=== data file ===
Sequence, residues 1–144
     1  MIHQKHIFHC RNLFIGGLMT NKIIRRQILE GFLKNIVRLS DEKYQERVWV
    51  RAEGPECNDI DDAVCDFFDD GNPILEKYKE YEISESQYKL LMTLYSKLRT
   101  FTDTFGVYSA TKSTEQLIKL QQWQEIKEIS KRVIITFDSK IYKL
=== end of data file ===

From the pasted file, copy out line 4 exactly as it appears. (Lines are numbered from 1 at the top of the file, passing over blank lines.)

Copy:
   101  FTDTFGVYSA TKSTEQLIKL QQWQEIKEIS KRVIITFDSK IYKL